&= \inv{i \Hbar} U^\dagger \antisymmetric{p}{H} U \\
&= \inv{i \Hbar} U^\dagger \antisymmetric{p}{\inv{2} m \omega^2 x^2 } U \\
&= \frac{m \omega^2}{2 i \Hbar} U^\dagger \lr{ -i \Hbar \PD{x}{x^2} } U \\
&= -m \omega^2 U^\dagger x U \\
&= -m \omega^2 x^{(H)}.
\end{aligned}
\end{equation}

In the Heisenberg picture the equations of motion are precisely those of classical Hamiltonian mechanics, except that we are dealing with operators instead of scalars

\begin{equation}\label{eqn:harmonicOscDiagonalize:140}
\begin{aligned}
\ddt{p^{(H)}} &= -m \omega^2 x^{(H)} \\
\ddt{x^{(H)}} &= \inv{m } p^{(H)}.
\end{aligned}
\end{equation}

In the text the ladder operators are used to simplify the solution of these coupled equations, since they can decouple them. That’s not really required since we can solve them directly in matrix form with little work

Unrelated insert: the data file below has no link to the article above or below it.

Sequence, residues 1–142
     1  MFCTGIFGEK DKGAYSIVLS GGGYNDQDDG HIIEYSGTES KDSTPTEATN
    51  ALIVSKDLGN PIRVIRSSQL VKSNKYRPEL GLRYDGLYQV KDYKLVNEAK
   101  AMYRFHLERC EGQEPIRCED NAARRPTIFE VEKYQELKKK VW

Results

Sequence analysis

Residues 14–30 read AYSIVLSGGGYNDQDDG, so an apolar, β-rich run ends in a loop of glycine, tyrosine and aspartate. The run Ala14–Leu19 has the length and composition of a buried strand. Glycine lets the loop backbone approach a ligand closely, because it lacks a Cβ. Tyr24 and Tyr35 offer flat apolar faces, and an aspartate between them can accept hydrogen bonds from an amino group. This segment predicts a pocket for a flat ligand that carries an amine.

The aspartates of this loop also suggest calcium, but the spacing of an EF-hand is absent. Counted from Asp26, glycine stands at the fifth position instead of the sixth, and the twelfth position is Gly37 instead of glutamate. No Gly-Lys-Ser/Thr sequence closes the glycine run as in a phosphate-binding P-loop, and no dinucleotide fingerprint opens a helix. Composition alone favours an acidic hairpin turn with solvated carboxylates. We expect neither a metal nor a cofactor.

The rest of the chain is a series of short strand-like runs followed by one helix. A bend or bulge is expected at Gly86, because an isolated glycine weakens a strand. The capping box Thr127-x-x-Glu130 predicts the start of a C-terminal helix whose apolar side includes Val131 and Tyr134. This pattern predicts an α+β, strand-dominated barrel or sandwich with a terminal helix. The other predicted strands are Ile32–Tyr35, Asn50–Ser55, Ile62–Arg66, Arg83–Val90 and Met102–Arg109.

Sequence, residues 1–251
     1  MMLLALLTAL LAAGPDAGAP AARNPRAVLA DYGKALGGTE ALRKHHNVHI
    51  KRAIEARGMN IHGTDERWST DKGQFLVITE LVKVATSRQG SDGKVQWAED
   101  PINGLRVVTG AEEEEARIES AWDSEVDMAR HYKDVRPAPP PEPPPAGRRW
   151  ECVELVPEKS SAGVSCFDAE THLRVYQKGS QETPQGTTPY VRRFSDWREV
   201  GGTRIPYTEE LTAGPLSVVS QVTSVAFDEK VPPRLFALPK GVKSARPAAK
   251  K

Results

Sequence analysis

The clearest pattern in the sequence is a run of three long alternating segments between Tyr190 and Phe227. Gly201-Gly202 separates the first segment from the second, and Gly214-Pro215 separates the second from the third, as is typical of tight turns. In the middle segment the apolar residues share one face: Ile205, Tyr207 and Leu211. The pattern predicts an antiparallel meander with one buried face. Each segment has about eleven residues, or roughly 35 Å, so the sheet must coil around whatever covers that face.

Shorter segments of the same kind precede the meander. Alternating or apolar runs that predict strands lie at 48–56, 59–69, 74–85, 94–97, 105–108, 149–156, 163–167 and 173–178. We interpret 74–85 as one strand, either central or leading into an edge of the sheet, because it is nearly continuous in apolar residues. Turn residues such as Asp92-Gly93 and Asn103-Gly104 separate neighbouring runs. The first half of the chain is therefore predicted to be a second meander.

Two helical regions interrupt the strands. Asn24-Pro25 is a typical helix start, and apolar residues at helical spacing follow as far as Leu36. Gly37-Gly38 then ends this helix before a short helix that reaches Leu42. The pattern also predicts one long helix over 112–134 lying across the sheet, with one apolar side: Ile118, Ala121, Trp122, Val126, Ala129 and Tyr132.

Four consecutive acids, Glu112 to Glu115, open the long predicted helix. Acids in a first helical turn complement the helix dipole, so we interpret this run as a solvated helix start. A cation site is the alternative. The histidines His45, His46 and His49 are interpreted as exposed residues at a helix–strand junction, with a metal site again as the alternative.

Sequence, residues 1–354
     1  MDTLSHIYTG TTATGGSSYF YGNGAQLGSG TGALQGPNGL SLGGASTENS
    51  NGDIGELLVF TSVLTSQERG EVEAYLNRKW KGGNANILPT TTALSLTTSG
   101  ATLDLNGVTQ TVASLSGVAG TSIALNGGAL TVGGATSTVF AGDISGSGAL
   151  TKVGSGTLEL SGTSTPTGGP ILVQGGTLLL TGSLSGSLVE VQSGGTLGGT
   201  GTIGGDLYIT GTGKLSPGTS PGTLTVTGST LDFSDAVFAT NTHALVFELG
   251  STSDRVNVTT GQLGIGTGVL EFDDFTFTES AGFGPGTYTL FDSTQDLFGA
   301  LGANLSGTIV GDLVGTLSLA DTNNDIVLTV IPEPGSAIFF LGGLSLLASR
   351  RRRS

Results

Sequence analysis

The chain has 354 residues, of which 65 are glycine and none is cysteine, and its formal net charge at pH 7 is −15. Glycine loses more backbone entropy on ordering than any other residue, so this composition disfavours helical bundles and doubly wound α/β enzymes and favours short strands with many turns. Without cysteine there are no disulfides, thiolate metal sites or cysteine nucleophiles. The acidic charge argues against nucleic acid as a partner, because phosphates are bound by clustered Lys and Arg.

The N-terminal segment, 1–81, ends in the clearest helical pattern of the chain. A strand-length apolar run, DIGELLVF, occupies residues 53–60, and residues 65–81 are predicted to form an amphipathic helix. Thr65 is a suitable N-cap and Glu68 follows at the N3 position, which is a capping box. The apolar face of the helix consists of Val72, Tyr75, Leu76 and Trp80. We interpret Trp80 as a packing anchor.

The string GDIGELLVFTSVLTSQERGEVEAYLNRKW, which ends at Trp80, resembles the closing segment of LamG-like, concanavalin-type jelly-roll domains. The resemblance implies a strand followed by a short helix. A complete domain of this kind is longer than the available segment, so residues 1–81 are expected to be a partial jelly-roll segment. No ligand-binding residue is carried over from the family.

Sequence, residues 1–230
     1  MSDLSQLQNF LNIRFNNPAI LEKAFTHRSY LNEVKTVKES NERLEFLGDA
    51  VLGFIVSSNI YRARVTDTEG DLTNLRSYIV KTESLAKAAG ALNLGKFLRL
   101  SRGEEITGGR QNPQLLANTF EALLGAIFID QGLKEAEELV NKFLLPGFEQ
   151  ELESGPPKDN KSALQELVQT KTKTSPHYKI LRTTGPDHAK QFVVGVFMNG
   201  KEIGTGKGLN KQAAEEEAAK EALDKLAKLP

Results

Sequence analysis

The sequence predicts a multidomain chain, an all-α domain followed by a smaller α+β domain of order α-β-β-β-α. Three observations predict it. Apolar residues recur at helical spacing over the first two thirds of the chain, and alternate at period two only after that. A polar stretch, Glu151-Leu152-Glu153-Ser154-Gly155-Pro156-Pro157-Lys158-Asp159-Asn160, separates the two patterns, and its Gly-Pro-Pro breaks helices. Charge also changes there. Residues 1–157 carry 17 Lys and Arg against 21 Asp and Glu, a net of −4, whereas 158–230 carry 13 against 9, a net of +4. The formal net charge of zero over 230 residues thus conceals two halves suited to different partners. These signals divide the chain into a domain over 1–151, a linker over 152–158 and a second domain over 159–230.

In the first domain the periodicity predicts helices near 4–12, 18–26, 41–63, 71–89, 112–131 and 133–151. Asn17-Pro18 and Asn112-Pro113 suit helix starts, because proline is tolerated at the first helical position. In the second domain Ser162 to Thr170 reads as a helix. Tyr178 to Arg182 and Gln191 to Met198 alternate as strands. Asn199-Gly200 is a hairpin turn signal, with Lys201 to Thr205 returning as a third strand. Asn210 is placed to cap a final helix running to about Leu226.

\begin{equation}\label{eqn:harmonicOscDiagonalize:160}
\ddt{}
\begin{bmatrix}
p^{(H)} \\
x^{(H)}
\end{bmatrix}
=
\begin{bmatrix}
0 & -m \omega^2 \\
\inv{m} & 0
\end{bmatrix}
\begin{bmatrix}
p^{(H)} \\
x^{(H)}
\end{bmatrix},
\end{equation}

or, with length scaled variables

\begin{equation}\label{eqn:harmonicOscDiagonalize:180}
\begin{aligned}
\ddt{}
\begin{bmatrix}
\frac{p^{(H)}}{m \omega} \\
x^{(H)}
\end{bmatrix}
&=
\begin{bmatrix}
0 & -\omega \\
\omega & 0
\end{bmatrix}
\begin{bmatrix}
\frac{p^{(H)}}{m \omega} \\
x^{(H)}
\end{bmatrix} \\
&=
-i \omega
\begin{bmatrix} 0 & -i \\ i & 0 \\ \end{bmatrix}
\begin{bmatrix}
\frac{p^{(H)}}{m \omega} \\
x^{(H)}
\end{bmatrix} \\
&=
-i \omega
\sigma_y
\begin{bmatrix}
\frac{p^{(H)}}{m \omega} \\
x^{(H)}
\end{bmatrix}.
\end{aligned}
\end{equation}

Writing $$y = \begin{bmatrix} \frac{p^{(H)}}{m \omega} \\ x^{(H)} \end{bmatrix}$$, the solution can then be written immediately as

\begin{equation}\label{eqn:harmonicOscDiagonalize:200}
\begin{aligned}
y(t)
&=
\exp\lr{ -i \omega \sigma_y t } y(0) \\
&=
\lr{ \cos \lr{ \omega t } I – i \sigma_y \sin\lr{ \omega t } } y(0) \\
&=
\begin{bmatrix}
\cos\lr{ \omega t } & \sin\lr{ \omega t } \\
-\sin\lr{ \omega t } & \cos\lr{ \omega t }
\end{bmatrix}
y(0),
\end{aligned}
\end{equation}

or

\begin{equation}\label{eqn:harmonicOscDiagonalize:220}
\begin{aligned}
\frac{p^{(H)}(t)}{m \omega} &= \cos\lr{ \omega t } \frac{p^{(H)}(0)}{m \omega} + \sin\lr{ \omega t } x^{(H)}(0) \\